As a research collaborative, the members of CEDAR pursue a shared set of values across myriad projects intersecting with teaching, scholarship, and service on and off-campus.
Text and Practice
Arola’s research and teaching focuses on the intersections between American Indian rhetoric, multimodal pedagogy, and digital rhetoric. Part of her research explores how to best teach composing, be that composing through words, designs, images, beads, quillwork, or any other form of textual making. Aligning with CEDAR’s vision of culturally engaged work, she seeks to understand how communities come to make decisions on socio-technical transitions. In all her work she is committed to the ways those who have been marginalized make meaning and have a say in just futures. Along with numerous essays and book chapters, she is the co-author of Writer/Designer: A Guide to Making Multimodal Projects, and the co-editor of CrossTalk in Comp Theory and Composing(Media)=Composing(Embodiment). She also serves as co-PI on an NSF Growing Convergence Research funded project, “Socio-Technological System Transitions: Michigan Community and Anishinaabe Renewable Energy Sovereignty,” the aim of which is to increase the capacity of communities across Michigan, including tribal nation communities, to make decisions about energy systems in ways that support their values and wellbeing.
Building and Preserving
Across her scholarship, Boyles explores how people understand the risks posed by digital technologies to marginalized peoples and groups. A core component of her work is the belief that storytelling—particularly stories of human experience—can both highlight the ways in which technologies are discriminatory and envision new relationships between humans and digital objects. As reliance on digital technology continues to grow, the need for scholarly interventions into the (mis)use of data, the development of tools, and the dissemination of information is increasingly necessary. Her work realizes CEDAR’s vision of building and preserving understanding and addressing the concerns of neglected, underappreciated, or ignored communities Boyles Archivo de Respuestas Emergencias de Puerto Rico (AREPR) is a freely available Omeka S site that depicts and describes the innovative knowledge production of grassroots community organizations in Puerto Rico in the wake of both natural and man-made disasters. The project is a collaboration between the University of Puerto Rico-Río Piedras, the University of Puerto Rico-Mayagüez, Michigan State University, and the Digital Library of the Caribbean.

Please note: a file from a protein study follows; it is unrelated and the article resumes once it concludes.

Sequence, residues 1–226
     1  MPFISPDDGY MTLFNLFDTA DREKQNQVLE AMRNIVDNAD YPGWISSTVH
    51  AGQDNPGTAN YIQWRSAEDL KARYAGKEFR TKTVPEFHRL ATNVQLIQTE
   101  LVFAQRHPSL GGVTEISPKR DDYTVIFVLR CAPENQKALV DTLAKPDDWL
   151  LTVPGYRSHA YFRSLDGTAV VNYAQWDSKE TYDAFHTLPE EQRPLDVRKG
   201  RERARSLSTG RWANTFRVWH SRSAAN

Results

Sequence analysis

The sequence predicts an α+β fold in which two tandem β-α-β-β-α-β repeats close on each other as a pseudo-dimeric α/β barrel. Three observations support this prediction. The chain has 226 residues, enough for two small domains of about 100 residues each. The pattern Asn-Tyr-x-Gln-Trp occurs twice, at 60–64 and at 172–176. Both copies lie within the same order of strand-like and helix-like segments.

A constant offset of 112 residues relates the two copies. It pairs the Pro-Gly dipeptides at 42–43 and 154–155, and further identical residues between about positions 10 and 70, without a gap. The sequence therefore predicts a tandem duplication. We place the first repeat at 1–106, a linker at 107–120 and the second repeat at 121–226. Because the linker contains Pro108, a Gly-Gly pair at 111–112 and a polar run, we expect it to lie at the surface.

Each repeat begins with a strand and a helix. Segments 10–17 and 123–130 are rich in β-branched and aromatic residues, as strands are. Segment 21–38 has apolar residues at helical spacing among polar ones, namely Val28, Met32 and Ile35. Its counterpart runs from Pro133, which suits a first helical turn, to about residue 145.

Access and Engagement
Across his scholarship, Chambliss pursues a goal of exploring the connection between real and imagined spaces. A core concern for his work is the ways that identity shape actions and influence institution. From black speculative practices expressed in Afrofuturism to community-oriented digital humanities projects, he seeks to ask fundamental questions about who we are and how we came to be. His work realizes CEDAR’s vision of reclaiming knowledge and connecting networks of practice through the Comics as Data North America (CaDNA) project. CaDNA is an ongoing collaborative project that examines library catalog data to explore geographies of publishing and library collecting policies in North American comics. Continuing an institutional history of creating collections as data, a group of Michigan State University librarians, digital humanists, and faculty formed a working group in 2018 to compile and analyze comic book data. The dataset is openly available through a GitLab repository, where the team shares dataset information. Chambliss continues to evolve this project as part of the Department of English Graphic Possibilities Research Workshop and is currently focused on enhancing linked data resources and exploring ways to visualize trends in North American comics around race, gender, and class concerns.
Reclaiming and Preserving
Directed by Sharon Leon, On These Grounds is a Andrew W. Mellon Foundation project to surface and model data about the lived experiences of the enslaved individuals who lived and labored in conjunction with colleges and universities in colonial America and the early national republic. The project is representative of CEDAR’s mission, vision. and goals by reclaiming the evidence of the everyday lives of the enslaved; by preserving that evidence through the creation of well-formed linked open data model; and by interconnecting the histories of these enslaved individuals across many institutions and to the researchers, descendants, students, and alumni whose understanding of America’s history of racial inequality and oppression will be enriched by access to this information.